It can be flavored in many different ways but most Spanish chorizo will be seasoned as described above. It can also be sliced in many different ways. You might find it in long and slim packaging or in short and round packaging.
It can be semi-soft or hard and dry depending on the curing process and no single process is necessarily better than another. The cured chorizo does not require refrigeration and most of the time is sold near other cured meat options like jerky and beef sticks.
Storing Spanish (Cured) Chorizo
Storing your cured chorizo is not overly challenging, in fact, it’s rather simple. Since it is cured, you really don’t need to store it in the freezer but you can do so if you feel it is necessary. Cured meats preserve very well without extensive measures.
The highest recommended storage for cured chorizo is to simply use the fridge because it can ultimately store indefinitely that way if it is unopened. If you have opened the chorizo, you can still store it in the fridge for about 6 months without any worry of it going bad.
Technically speaking, you can freeze your dried chorizo but because it has a super low moisture content it’s not really considered a good idea. It’s also primarily unnecessary since cured chorizo will last so long in the fridge.
However, we’re not here to boss you around, we simply are here to provide you with the facts. If you decide you want to go ahead and freeze your cured chorizo, don’t let us stop you!
Storing Spanish Chorizo in the Fridge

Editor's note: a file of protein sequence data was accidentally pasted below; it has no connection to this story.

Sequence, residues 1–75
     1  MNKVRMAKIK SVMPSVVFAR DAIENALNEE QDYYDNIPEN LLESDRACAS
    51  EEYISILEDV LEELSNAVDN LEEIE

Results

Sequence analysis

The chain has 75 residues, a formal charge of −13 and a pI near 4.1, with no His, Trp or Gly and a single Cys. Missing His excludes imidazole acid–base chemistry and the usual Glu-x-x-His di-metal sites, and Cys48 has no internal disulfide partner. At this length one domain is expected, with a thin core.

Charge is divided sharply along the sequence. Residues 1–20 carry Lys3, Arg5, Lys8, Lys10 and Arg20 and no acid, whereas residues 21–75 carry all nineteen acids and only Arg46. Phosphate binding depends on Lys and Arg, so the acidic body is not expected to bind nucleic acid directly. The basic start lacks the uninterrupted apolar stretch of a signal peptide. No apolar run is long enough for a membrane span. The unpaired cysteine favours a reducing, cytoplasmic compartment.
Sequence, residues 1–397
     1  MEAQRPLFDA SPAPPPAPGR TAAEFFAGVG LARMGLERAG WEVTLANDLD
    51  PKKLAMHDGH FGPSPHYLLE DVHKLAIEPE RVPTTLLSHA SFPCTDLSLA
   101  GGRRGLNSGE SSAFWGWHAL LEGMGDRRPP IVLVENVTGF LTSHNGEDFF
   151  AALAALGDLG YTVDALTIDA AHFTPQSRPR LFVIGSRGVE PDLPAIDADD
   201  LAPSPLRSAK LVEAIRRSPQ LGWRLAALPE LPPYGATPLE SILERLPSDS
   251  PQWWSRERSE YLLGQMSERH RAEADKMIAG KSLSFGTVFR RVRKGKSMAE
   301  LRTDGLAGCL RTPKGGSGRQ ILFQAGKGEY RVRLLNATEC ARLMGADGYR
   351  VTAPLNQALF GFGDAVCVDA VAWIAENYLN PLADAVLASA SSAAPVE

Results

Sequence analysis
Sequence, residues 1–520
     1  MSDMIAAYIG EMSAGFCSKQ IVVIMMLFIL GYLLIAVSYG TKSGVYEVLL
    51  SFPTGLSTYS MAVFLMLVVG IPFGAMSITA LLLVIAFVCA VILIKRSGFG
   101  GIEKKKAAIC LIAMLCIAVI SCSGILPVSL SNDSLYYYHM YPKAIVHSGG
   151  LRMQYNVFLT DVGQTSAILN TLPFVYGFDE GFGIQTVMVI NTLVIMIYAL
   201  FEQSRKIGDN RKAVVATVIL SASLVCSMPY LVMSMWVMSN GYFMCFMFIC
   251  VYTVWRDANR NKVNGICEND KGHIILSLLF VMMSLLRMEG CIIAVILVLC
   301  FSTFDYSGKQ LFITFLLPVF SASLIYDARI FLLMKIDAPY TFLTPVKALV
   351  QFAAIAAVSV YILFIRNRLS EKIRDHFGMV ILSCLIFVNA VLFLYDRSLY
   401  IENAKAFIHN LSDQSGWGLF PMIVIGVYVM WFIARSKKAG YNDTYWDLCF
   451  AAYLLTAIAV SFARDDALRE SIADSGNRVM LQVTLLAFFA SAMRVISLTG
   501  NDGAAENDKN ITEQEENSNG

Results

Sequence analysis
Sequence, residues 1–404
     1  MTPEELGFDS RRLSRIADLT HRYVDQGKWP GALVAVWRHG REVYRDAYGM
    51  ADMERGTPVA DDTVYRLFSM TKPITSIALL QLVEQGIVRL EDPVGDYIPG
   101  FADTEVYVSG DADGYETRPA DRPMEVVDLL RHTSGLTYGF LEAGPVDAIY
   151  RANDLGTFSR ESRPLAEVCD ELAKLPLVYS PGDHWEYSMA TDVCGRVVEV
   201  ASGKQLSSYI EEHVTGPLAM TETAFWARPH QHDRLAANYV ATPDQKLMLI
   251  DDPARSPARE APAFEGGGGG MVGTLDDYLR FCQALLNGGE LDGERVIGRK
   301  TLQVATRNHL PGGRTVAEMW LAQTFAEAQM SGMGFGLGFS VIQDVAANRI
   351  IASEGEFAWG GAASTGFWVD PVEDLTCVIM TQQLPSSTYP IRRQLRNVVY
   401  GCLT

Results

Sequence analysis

- Seal tightly in airtight packaging – we recommend using a plastic storage bag that seals.
- Wrap cured chorizo in either a light tea towel or thick paper towels.
- Date and label the packaging.
- Store in the fridge for up to 6 months.
Storing Spanish Chorizo in the Freezer
- Seal tightly or vacuum seal into plastic freezer-safe storage bags.
- Wrap loosely with paper towels to preserve moisture content.
- Place into a larger freezer bag or an airtight container.
- Date and label the packaging.
- Place in the freezer for up to 12 months.
As you can see, the process does not vary all that much between the fridge and the freezer, which is due to the way that Spanish chorizo has been cured. It stores well on its own because of the curing process.
Keep in mind that the curing process has eliminated most of the moisture content of the meat and therefore your biggest challenge is to keep it from getting dried out beyond use while it is stored. This is where the wrapping step comes into play.
Don’t skip the wrapping step on either method as this will go a long way to ensure that your chorizo does not get dry, hard, or unusable while you store it for long-term in your fridge or freezer.
Again, we want to point out that the freezer is not recommended as it tends to dry things out more and the fridge preserves your cured chorizo for up to 6 months already. But the option remains and these are the recommended processes for success.
Mexican Chorizo (Ground)
Mexican chorizo is the more common form of chorizo and it can be served in a number of manners. It’s the versatile option that lets you do just about anything you want to with it that would involve meat.
You can replace your ground meats or use it as an additive to spice up your meat dishes. It mixes really well with breakfast foods but can also be mixed with many other things and it is simply savory and delicious.
Ground chorizo is known as Mexican chorizo and is the most popular way to use chorizo in the kitchen. This is ground pork that has been seasoned with garlic and savory spices. The primary spice is chilies.
You could compare this meat to Italian sausage but the spices and flavor are a bit different and it has a deep red color. Chorizo also is typically sold in casings and must be squeezed out of or removed from the casings for cooking purposes.
When you remove Mexican chorizo from the casing, it will closely resemble ground beef in texture. It can be ground in many different thicknesses so the size of the grind could vary based on how it was processed.
Ground chorizo is raw meat. It must be stored in either the fridge or the freezer, just like other forms of raw meat.